The latter is an optical camera trick that dates all the way back to the 1920s and sees characters supposedly standing next to each other actually displaced by several feet. Traditionally locked off, Jackson’s team constructed partially moving sets which were slaved precisely to the camera’s movements to maintain the illusion. All this effort was aided and abetted by other techniques varying from the low-tech (standing on boxes/kneeling down) to the high tech (two different scale Bag Ends comped together).
With Massive, Weta finally got their hands on the cast of thousands that could lend credence to the battle scenes. Essentially it’s a programmable mob: input motion elements, set up a branching decision tree for each agent, set them loose, render them and you’re done. Coupled with a renderer that could handle scenes involving hundreds of thousands of agents and millions of polygons, it gave the armies their scale. Coupled with some fine miniature work in turn, it gave the battles their visceral edge, especially once the fine tuning was complete and they could stop orcs either attacking their fellows en masse or running away completely.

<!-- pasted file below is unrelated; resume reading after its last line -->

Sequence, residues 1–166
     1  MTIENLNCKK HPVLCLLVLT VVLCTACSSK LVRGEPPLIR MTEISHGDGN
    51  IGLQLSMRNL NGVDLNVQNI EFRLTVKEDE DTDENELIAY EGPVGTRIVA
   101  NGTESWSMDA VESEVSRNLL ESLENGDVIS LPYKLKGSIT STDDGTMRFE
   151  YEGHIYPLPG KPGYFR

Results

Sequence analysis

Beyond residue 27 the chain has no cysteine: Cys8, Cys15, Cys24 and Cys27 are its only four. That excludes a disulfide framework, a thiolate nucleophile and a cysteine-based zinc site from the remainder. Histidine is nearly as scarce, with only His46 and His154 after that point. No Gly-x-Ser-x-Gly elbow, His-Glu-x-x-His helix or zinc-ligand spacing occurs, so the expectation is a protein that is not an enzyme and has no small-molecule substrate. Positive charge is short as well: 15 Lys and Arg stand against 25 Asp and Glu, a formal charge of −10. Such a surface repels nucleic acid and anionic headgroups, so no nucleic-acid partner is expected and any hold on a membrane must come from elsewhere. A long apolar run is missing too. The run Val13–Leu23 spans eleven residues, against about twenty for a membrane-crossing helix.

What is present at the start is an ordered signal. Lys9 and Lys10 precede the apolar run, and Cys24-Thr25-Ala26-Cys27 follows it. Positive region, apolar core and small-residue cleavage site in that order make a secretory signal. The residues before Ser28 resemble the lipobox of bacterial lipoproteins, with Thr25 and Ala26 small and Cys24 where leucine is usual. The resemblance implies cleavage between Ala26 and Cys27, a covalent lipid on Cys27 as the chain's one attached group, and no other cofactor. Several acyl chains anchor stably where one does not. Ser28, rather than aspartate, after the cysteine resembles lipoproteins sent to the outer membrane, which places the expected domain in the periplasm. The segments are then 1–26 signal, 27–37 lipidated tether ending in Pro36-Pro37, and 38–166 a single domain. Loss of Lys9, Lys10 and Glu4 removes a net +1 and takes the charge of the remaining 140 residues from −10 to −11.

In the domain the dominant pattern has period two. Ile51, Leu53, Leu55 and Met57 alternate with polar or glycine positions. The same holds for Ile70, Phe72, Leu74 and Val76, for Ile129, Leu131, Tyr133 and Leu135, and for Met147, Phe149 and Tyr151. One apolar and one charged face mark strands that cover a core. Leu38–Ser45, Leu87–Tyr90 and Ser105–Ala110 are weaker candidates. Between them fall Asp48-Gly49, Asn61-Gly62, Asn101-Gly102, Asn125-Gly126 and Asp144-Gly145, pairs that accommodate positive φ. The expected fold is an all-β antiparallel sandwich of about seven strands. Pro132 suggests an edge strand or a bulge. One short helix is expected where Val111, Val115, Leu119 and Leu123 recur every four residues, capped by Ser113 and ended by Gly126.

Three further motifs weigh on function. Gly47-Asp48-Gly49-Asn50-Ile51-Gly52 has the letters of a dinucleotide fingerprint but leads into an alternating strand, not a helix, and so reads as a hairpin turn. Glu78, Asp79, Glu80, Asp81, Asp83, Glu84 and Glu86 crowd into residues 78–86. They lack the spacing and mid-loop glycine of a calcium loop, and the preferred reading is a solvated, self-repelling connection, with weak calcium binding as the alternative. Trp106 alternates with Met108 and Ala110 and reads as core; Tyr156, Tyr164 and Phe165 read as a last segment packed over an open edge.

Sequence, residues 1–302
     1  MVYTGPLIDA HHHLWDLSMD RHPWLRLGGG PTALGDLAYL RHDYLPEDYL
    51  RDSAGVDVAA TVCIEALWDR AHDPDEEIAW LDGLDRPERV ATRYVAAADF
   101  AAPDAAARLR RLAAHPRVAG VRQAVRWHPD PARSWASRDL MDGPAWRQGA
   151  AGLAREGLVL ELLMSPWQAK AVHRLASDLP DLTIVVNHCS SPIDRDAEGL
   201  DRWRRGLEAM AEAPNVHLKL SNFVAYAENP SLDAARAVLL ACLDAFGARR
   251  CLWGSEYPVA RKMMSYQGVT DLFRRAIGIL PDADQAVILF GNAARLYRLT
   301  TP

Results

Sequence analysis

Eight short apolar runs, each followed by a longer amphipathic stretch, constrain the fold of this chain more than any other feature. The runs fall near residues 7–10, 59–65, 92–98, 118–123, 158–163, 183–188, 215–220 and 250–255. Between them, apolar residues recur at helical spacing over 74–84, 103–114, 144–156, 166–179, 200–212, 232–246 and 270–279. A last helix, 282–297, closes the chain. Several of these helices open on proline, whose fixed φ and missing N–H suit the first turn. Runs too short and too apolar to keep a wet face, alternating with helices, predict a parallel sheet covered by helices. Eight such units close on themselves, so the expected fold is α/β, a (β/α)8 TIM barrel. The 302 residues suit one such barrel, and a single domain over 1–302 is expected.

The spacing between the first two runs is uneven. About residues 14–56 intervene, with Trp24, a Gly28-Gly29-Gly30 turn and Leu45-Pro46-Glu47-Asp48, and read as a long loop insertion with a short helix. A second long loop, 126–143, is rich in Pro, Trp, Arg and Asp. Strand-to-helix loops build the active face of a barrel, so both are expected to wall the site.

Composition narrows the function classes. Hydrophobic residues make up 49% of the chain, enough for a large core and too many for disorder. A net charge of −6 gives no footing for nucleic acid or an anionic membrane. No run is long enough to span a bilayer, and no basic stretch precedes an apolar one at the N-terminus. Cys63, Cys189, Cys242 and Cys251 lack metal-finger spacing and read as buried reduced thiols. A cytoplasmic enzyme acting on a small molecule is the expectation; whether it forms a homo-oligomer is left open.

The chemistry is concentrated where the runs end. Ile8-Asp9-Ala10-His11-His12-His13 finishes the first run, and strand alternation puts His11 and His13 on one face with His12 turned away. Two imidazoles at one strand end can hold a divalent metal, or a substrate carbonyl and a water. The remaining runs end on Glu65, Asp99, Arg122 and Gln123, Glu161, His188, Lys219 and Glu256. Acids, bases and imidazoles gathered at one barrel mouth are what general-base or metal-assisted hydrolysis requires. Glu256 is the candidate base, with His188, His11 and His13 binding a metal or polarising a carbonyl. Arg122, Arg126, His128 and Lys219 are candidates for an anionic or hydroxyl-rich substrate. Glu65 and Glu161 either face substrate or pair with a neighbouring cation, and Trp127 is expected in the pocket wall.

And then there’s Gollum. All the elements on the films evolved as the production turned from months into years, but Gollum probably evolved the most. Weta wrote a lot of code for the creature, a lot of stuff depicting muscles, a lot of stuff depicting skin, and he changed from a NURBS model at the start to a subdivision surface one at the end. Jackson also eventually changed the way he was filmed. In the first two instalments, actor Andy Serkis’ movements were captured separately on a motion capture stage and the character composited in (keyframe animation was applied too). However, it was realised that the performances of the entire cast were so much stronger with him in the scene, that, by the time of Return of the King (2003), they were setting up the mocap lights on set and directing the cast together, Serkis simply wearing his mocap suit and being painted out in post.